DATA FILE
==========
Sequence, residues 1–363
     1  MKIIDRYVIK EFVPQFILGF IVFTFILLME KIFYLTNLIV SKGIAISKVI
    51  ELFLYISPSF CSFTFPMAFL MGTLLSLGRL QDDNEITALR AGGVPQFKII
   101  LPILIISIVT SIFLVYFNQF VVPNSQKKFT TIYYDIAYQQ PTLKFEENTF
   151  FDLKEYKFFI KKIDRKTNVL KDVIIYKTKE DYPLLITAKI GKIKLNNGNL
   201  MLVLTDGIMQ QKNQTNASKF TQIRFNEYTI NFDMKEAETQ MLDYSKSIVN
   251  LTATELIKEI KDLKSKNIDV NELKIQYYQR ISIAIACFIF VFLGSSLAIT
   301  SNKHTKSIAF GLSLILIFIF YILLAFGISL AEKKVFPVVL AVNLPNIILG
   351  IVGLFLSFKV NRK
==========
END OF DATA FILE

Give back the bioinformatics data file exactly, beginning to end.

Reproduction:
Sequence, residues 1–363
     1  MKIIDRYVIK EFVPQFILGF IVFTFILLME KIFYLTNLIV SKGIAISKVI
    51  ELFLYISPSF CSFTFPMAFL MGTLLSLGRL QDDNEITALR AGGVPQFKII
   101  LPILIISIVT SIFLVYFNQF VVPNSQKKFT TIYYDIAYQQ PTLKFEENTF
   151  FDLKEYKFFI KKIDRKTNVL KDVIIYKTKE DYPLLITAKI GKIKLNNGNL
   201  MLVLTDGIMQ QKNQTNASKF TQIRFNEYTI NFDMKEAETQ MLDYSKSIVN
   251  LTATELIKEI KDLKSKNIDV NELKIQYYQR ISIAIACFIF VFLGSSLAIT
   301  SNKHTKSIAF GLSLILIFIF YILLAFGISL AEKKVFPVVL AVNLPNIILG
   351  IVGLFLSFKV NRK